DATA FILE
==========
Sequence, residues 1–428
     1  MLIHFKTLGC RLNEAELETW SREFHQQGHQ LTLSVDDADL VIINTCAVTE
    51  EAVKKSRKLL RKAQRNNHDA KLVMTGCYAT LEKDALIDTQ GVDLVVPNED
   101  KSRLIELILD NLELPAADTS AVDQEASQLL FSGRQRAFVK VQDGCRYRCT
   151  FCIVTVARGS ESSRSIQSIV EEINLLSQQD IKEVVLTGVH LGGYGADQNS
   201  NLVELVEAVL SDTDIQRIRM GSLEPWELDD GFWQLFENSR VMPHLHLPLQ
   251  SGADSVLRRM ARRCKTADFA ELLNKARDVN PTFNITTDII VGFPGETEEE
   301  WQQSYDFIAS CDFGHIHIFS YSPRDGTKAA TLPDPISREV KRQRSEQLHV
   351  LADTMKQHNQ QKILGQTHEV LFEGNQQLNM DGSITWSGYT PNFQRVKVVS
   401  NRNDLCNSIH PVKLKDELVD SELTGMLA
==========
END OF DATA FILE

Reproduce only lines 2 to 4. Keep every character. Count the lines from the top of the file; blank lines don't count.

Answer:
     1  MLIHFKTLGC RLNEAELETW SREFHQQGHQ LTLSVDDADL VIINTCAVTE
    51  EAVKKSRKLL RKAQRNNHDA KLVMTGCYAT LEKDALIDTQ GVDLVVPNED
   101  KSRLIELILD NLELPAADTS AVDQEASQLL FSGRQRAFVK VQDGCRYRCT